Carest Thou Not That We Perish?

by Mike Harding

This is the fifth in a continuing series of articles on the issue of alcohol. In this article we offer an appeal for abstaining from alcohol.

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Philippians 2:4 tells us, “Do not merely look out for your own interests but also for the interests of others.” 1 Corinthians 10:31 also reminds us, “Whether, therefore, you eat or drink or whatever you do, do all to the glory of God.” There is no glory to God in the willful pursuit of pleasure that has no regard for one’s influence or effect upon others. “Let no one seek his own good, but the good of his neighbor” (1 Cor 10:34). How many of you would fly is you knew that there was a 1 in 10 chance the plane would crash? The chances that the moderate drinker will become an alcoholic is 1 in 10; the chance that the moderate drinker will become a problem drinker is 1 in 3.[1]

Furthermore, if you abstain from alcohol as a social beverage, you can encourage others to forsake illegal stimulants such as marijuana, heroin, or cocaine without fear of inconsistency. Our joy need not come from an alcoholic stimulant. On the contrary, “in Thy presence is fulness of joy; in Thy right hand there are pleasures forever” (Ps 16:11). God wants His children to have peace without unnecessarily risking that we go to pieces. The liberated mind-set of the Corinthians did not help their church, nor will it help ours. Mark Twain once commented regarding gambling that the best toss of the dice was to toss the dice away. Practically speaking, in order to avoid temptation, tossing liquor, strong drink, and modern alcoholic beverages down the drain would only have positive results in the world we live in today.

“Certain neighbors of mine laugh at me for being a teetotaler, and I might well laugh at them for being drunk, only I feel more inclined to cry that they should be such fools.”[2]

For me, these pleas are personal. I have personally witnessed the destruction and misery brought on by alcohol consumption and abuse. I understand the drinking-scene better than most. As a young boy I spent part of my life in the bars with my father on 51st street in Chicago. I was endeavoring to persuade him to come home before something terrible happened (and it did on numerous occasions). I agree with my mother that the bar scene is an “upholstered sewer” full of shallow fellowship and depressed people. After all, alcohol is a depressant in the end. It is social drinking at its worst. I made a promise to my mother that I would never drink. My dad is dead. Several of his brothers died of alcoholism in their twenties, forties, and fifties without knowing the Lord. As I have witnessed and preached to many of my relatives in the Boston area, it would be inconceivable to them for me to drink.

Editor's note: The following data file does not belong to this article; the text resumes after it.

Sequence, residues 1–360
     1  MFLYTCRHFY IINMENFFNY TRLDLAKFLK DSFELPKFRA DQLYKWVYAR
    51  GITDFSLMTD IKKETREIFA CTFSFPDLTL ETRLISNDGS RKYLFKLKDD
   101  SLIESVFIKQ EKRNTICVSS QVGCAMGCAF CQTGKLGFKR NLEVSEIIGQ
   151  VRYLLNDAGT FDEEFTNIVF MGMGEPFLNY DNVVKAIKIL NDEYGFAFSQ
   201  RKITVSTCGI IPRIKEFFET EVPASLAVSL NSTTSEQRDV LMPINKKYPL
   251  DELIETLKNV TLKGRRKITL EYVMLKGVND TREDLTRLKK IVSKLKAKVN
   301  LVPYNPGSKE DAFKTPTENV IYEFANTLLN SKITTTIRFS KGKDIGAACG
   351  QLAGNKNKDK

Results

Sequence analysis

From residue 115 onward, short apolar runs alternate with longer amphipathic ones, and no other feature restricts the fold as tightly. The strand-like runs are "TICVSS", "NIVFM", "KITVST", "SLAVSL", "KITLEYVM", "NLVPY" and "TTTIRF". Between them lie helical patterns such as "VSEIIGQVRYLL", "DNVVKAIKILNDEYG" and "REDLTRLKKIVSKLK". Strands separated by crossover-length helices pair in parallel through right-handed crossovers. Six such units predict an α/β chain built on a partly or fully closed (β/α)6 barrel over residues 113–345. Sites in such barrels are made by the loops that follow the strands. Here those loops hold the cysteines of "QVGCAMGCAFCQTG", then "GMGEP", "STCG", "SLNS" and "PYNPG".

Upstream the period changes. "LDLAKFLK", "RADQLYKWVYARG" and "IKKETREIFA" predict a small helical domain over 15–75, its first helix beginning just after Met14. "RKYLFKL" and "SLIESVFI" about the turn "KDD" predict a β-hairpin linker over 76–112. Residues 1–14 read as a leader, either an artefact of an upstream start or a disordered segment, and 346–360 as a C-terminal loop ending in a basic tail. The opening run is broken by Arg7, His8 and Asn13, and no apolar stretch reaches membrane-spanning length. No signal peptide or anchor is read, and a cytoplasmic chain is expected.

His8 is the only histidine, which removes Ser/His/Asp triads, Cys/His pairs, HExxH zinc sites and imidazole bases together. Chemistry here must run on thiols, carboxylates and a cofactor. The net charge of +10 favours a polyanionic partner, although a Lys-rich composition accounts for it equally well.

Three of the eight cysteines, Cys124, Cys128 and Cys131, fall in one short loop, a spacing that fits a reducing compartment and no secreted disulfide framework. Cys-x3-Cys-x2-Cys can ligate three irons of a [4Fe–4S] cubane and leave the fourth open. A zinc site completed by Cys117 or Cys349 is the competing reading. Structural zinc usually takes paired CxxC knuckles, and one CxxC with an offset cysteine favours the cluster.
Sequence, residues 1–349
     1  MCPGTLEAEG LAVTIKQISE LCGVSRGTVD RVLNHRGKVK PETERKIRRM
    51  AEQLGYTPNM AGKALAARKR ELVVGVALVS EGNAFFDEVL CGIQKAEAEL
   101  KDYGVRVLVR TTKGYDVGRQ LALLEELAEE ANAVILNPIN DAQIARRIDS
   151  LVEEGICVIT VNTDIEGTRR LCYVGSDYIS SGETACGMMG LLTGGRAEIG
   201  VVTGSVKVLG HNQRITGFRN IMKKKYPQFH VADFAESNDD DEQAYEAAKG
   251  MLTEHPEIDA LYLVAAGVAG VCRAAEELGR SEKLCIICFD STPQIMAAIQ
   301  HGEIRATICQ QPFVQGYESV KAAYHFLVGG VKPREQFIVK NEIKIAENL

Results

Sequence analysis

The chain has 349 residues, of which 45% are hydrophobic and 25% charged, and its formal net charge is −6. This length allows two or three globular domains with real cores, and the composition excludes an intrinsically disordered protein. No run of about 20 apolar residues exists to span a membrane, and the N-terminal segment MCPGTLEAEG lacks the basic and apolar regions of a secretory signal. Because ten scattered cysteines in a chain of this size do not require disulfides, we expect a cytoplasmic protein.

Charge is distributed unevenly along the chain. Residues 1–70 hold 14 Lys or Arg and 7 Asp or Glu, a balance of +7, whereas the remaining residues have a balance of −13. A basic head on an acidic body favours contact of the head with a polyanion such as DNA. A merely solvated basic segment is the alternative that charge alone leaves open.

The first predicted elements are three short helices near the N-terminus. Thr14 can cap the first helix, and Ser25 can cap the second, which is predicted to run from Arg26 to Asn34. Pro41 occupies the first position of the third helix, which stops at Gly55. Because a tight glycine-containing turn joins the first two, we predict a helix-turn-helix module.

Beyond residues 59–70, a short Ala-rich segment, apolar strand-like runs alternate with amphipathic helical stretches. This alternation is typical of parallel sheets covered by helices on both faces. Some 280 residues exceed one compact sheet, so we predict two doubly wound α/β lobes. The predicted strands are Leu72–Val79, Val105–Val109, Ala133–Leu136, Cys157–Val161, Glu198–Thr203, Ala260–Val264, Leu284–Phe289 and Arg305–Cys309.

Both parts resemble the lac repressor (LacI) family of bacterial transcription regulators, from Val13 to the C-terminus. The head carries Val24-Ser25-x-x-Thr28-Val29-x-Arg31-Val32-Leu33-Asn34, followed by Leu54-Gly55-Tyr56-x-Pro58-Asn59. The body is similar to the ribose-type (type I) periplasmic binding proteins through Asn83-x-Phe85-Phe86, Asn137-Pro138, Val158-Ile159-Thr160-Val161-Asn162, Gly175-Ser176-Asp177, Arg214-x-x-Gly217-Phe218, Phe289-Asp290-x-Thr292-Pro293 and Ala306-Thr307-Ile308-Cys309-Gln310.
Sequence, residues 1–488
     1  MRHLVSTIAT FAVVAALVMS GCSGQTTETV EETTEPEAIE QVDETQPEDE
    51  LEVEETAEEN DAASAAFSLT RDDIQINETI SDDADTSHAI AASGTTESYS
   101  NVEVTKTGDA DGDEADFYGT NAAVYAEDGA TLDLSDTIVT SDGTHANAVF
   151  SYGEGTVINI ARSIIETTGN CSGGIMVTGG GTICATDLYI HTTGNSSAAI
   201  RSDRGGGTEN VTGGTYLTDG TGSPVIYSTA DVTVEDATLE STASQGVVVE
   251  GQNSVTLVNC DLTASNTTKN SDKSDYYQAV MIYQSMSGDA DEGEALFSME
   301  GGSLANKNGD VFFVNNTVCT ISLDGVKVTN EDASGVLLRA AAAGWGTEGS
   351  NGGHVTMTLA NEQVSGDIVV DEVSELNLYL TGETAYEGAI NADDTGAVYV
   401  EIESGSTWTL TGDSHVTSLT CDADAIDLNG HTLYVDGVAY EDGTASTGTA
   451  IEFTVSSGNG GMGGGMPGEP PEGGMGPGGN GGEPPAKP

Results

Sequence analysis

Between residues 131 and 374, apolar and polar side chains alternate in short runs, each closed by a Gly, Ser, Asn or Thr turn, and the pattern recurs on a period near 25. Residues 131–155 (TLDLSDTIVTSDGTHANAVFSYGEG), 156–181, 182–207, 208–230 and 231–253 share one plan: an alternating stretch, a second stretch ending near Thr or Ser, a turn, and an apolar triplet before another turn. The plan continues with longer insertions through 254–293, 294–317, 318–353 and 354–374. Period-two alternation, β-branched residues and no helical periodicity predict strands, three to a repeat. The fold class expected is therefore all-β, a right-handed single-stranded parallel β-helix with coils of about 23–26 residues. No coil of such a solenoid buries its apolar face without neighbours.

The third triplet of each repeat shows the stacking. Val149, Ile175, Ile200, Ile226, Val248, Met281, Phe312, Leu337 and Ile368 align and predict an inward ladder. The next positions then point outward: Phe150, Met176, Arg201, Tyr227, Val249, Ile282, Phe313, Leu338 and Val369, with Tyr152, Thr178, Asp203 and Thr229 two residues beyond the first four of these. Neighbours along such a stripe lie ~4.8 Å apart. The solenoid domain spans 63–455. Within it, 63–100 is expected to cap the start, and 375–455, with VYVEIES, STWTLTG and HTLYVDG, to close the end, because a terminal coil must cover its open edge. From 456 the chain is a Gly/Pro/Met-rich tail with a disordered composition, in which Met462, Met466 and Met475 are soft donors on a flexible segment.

I personally came to Christ while living on the south side of Chicago. Afterwards, I ministered for three years at the Pacific Garden Mission which has cared for thousands of addicts. This is the most famous rescue mission in the United States. I am sure you have heard of their famous radio program, “Unshackled,” which broadcasts amazing stories of conversions at the mission. There was a firm policy of abstinence at the mission for all workers and residents. It was unthinkable that those preaching and counseling would imbibe. It was equally impossible for us to teach the new believers to embrace a policy of moderate social drinking.

Yes, there is a significant difference between the bar scene and a family having a glass of wine at the dinner table. Nevertheless, the man who is found on the bar scene starts somewhere, with one drink in his hand. Better for him to have stood his whole life with no drink in his hand at all. Better for his ‘moderate’ friends to have never influenced him to drink at all. What do you think the Lord will say in That Day when your moderate drinking is found to have caused one of these “little ones” to sinfully stumble and suffer the bitter consequences of sin.

Matthew 18:6 But whoso shall offend one of these little ones which believe in me, it were better for him that a millstone were hanged about his neck, and that he were drowned in the depth of the sea.

Mike Harding is the pastor of First Baptist Church of Troy, Michigan and a member of the FBFI Executive Board.

This article is excerpted from a single, longer piece by pastor Harding. Proclaim & Defend will make the original article available in pdf format when our serialization is complete.

  1. “A Plea for Total Abstinence,” The Evangelical Beacon, Nov. 13, 1979. p. 2. []
  2. Charles H. Spurgeon, John Ploughman’s Pictures, p. 42, [Pasadena, Texas: Pilgrim Publications, rep. 1974]; also see C. H. Spurgeon by Arnold Dallimore (Moody Press, 1984), pp. 181-83, which details the turning of young Spurgeon from alcohol to total abstinence. []